Lawyer for Rita Hart said he expects lawmakers will follow will of voters

Despite backlash from Republicans and hesitancy from Democrats, Rita Hart’s lawyer said he expects representatives will respect the will of the voters if evidence shows she received more lawful votes than Republican Rep. Mariannette Miller-Meeks.


Tian Liu

Democratic candidate Rita Hart speaks during a brunch fundraiser for Sen. Zach Wahls at the Walker Homestead on July 14, 2019.

Natalie Dunlap, Politics Reporter

As the U.S. House moves forward with Rita Hart’s notice of contest, her lawyer, Marc Elias, said he thinks that Democrats and Republicans in Congress will respect the will of Iowa voters if the evidence shows Hart received the most lawful votes. 

Hart lost the election in Iowa’s 2nd Congressional District to now-Rep. Mariannette Miller-Meeks, R-Iowa, by six votes. However, her contest argues that 22 lawful ballots, with votes cast for both Hart and Miller-Meeks, were left out of the final tally. 

Nine days after the Nov. 3 election, Hart was trailing by 47 votes. Because of the close margin, and two errors that occurred within the district when tabulating results, her campaign requested a district-wide recount. After the recount was completed, Hart and Miller-Meeks were only separated by six votes, out of 394,441. Iowa Secretary of State Paul Pate certified those results on Nov. 30. 

Rep. Ashley Hinson, R-Iowa, led 123 other Republican lawmakers in sending a letter to House Speaker Nancy Pelosi, saying it was hypocritical for Pelosi to claim national voter fraud doesn’t exist while going forward with an investigation into the Iowa election. The letter also critiqued Hart for not going through the state’s judicial system before bringing her contest to the House. 

Hart’s notice of contest does not claim that there was voter fraud, but that lawful ballots were excluded in the recount process.

“Given the impossibly short review period permitted by the Iowa court system in unusual cases like this one, we thought that the Federal Contested Election Act guidelines, allowing for full recount, were more appropriate,” Elias told reporters on Tuesday.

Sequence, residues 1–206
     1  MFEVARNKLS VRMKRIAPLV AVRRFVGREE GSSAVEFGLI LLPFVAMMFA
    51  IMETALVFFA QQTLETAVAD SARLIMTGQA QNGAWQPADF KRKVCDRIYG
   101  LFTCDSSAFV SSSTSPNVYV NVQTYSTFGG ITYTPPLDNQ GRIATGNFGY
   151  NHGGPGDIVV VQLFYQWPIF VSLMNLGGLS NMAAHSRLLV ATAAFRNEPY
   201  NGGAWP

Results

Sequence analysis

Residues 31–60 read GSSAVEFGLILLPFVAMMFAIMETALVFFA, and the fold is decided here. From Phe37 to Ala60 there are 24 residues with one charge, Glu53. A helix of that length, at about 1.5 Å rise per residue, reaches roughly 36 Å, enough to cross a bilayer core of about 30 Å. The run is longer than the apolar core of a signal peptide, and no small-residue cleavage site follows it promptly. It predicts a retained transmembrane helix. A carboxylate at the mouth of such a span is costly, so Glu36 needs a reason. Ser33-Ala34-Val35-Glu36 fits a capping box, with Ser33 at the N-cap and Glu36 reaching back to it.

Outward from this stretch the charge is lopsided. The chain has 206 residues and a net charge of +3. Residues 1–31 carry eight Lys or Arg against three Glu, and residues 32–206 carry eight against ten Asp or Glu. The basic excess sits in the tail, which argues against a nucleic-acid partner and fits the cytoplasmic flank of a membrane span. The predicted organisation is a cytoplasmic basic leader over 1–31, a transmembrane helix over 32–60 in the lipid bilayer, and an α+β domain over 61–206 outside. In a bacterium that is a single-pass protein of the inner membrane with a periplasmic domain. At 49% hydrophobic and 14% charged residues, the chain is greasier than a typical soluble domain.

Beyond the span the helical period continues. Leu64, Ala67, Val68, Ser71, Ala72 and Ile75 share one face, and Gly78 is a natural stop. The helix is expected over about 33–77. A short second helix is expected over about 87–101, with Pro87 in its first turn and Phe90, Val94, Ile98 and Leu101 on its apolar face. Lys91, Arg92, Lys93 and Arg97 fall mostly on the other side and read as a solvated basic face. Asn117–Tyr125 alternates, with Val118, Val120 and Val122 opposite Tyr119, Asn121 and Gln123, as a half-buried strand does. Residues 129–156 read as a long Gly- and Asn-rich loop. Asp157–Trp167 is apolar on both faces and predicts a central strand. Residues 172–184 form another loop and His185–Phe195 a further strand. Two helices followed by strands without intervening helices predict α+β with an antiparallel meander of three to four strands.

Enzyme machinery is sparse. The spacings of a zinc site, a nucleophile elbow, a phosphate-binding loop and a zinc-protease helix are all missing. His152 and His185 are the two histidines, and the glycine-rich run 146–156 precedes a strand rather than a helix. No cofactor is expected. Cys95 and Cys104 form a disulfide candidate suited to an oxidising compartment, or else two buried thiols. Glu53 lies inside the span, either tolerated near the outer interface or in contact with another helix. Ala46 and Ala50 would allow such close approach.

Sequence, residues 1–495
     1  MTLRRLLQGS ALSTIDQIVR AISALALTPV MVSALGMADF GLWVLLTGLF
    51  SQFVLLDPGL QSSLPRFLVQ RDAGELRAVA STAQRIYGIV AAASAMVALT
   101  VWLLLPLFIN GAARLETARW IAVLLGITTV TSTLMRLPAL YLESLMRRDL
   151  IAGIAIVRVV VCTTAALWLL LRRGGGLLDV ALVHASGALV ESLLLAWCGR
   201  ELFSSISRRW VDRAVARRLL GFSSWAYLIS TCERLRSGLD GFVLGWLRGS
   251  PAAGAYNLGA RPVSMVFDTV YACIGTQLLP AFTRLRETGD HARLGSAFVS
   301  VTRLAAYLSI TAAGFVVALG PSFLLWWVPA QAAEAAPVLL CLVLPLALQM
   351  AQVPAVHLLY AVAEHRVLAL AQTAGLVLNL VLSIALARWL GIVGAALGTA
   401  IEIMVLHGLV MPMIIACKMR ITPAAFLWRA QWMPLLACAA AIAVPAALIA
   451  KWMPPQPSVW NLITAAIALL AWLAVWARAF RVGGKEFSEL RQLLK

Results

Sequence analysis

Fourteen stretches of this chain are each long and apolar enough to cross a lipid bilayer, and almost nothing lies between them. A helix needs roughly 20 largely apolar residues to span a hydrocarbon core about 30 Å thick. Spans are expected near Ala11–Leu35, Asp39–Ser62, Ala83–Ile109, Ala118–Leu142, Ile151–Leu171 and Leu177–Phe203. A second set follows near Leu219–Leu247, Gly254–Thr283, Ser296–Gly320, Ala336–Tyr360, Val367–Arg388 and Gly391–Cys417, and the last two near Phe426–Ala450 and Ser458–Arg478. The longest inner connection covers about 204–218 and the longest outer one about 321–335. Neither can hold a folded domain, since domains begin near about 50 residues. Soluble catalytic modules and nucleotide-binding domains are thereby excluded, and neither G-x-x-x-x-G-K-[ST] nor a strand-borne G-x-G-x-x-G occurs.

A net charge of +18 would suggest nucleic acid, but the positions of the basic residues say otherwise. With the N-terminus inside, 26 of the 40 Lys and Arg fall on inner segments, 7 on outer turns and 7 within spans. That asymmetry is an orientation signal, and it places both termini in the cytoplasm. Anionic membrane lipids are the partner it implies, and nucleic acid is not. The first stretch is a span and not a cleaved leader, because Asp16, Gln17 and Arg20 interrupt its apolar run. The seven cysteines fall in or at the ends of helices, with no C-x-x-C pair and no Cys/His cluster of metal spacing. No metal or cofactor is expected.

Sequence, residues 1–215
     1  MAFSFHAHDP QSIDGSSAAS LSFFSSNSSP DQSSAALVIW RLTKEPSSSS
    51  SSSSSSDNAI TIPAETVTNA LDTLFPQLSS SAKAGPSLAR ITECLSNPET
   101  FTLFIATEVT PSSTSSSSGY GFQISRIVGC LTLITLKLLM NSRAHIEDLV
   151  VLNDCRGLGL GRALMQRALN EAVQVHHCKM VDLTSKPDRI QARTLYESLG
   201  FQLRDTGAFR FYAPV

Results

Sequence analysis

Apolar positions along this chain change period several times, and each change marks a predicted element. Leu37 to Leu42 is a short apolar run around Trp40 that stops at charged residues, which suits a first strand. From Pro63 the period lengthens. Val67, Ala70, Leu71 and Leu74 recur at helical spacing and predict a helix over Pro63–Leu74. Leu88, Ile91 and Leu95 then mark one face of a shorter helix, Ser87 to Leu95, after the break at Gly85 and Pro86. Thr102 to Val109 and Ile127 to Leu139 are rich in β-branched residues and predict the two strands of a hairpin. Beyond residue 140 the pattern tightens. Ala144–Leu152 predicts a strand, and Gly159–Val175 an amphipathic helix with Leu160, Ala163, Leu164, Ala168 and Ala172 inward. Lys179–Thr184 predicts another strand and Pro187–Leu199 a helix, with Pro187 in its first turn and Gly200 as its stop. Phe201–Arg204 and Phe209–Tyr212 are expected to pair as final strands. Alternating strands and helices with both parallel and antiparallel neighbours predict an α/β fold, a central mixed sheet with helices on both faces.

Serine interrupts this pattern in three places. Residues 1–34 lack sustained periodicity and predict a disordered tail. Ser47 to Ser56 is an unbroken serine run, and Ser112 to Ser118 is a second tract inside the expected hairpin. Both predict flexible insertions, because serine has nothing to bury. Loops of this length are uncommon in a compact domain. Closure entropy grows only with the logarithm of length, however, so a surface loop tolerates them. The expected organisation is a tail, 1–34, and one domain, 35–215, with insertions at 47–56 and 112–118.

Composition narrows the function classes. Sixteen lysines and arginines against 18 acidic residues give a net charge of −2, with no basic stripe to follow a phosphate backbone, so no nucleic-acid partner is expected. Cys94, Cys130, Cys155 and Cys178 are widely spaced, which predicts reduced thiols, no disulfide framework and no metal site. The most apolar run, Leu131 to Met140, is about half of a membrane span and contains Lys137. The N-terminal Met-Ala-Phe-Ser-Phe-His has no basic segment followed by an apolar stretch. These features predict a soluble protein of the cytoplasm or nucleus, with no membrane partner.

He added he didn’t want the point of the 22 votes not being counted to get lost in the conversation around process. 

“It’s important to not lose sight of the fact that the right to put a ballot in a ballot box is not a right to vote unless you have your vote count,” Elias said. “And 22 voters who did everything right, right now remain without their right to vote, because their votes have been counted.”

According to a report from Politico, moderate Democrats have raised concerns behind the scenes about a vote on the results reaching the House floor. They said the Iowa certified results should stand, and that after Republicans pushed baseless accusations of voter fraud in the 2020 presidential election, Democrats shouldn’t use their majority to change the results in the congressional race. 

Elias said the first step before worrying about how lawmakers would vote is to show Hart’s evidence to the Committee on House Administration so the committee can rule on if the votes identified by Hart’s team should be recognized. 

“I believe firmly that if it turns out that there are lawful ballots that were not counted, that should be counted, they will be,” he said. “And I believe that all members of Congress, Democrats and Republicans, will want to make sure that the will of the people is followed.”